“Martin Bodmer is a towering figure among twentieth-century book collectors, yet the history of his collection of early Shakespeare editions and other early modern English books has never been told, and its make-up never been analysed. These are the lacunae our book is meant to fill” comment Lukas Erne and Devani Singh.

 

Exciting new possibilities for further research

Shakespeare in Geneva provides a detailed description of each piece of the collection, accompanied by supporting material issued from the research, to facilitate access and understanding of the collection by non-academics. It is the latest publication of The Bodmer Lab, a research and digitization program of the UNIGE. The Bodmer Lab is currently digitizing all the volumes of the constellation “Early Modern English Books” four of which are already available online, with the remaining ones due to be online by mid-2018.

“The Bodmer Lab’s digitization of the early modern English books assembled by Martin Bodmer makes available to scholars and students one of the best collections of early Shakespeare editions in the world, using the tools of the digital era to transform the way literary scholarship is conducted and opening exciting possibilities for further research” add Singh and Erne.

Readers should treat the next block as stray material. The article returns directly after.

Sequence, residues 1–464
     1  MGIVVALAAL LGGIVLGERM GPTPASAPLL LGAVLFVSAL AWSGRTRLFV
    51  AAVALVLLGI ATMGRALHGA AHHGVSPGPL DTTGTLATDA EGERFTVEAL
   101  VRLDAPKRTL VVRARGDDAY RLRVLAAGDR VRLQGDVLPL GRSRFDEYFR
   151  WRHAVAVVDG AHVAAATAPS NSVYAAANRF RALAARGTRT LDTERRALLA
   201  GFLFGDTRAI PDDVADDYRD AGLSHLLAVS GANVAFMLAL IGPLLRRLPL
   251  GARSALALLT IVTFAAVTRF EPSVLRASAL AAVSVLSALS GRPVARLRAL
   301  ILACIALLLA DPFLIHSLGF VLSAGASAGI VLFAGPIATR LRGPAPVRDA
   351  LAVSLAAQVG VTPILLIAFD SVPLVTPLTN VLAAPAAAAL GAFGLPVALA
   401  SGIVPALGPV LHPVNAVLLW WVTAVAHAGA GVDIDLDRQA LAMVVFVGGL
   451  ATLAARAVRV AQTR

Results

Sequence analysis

The constellation “Early Modern English Books”

It consists of 36 titles from Shakespeare, and 138 titles from other authors, totaling more than 50’000 images. Digitized versions are or will be available on The Bodmer Lab website. The constellation includes:

  • A pristine copy, in original calf binding, of the First Folio edition (1623) of Shakespeare’s collected dramatic works.
  • A copy of the first edition of Shakespeare’s Troilus and Cressida (1609) whose edges are uncut (i.e. untrimmed). This is the only copy in the world of a Shakespeare quarto published during his lifetime to have this bibliographical feature.
  • A copy of every Shakespeare play, with one exception, that was published before the First Folio.
  • A copy of the 1598 quarto of Love’s Labour’s Lost, the earliest extant edition of any work, play or poem, with Shakespeare’s name on the title page.
  • The greatest number of Shakespeare quarto playbooks outside the English-speaking world (26 volumes).
  • The first illustrated edition of The Canterbury Tales by Geoffrey Chaucer, printed around 1484. Its 26 woodcut illustrations of the pilgrims make it one of the most renowned ever printed in English.
  • A unique copy of Tyndale’s New Testament printed in Zürich.
  • A unique copy of an undated folio of Arthur of Brytain.


About the Bodmer Lab

The Bodmer Lab, initiated in 2015, is a research and digitization program of the University of Geneva that examines and makes available online significant parts of the holdings of the Fondation Martin Bodmer in Cologny (Geneva), employing methods and tools of the digital humanities. More than 20 academic researchers and 40 volunteers contribute to the research, digitization and publication activities. The mission of the Bodmer Lab is to create digital archives of World Literature, based on the Bodmer Collection, and to facilitate access to, and use of, these archives for the broadest possible public. 

30 January 2018
  2018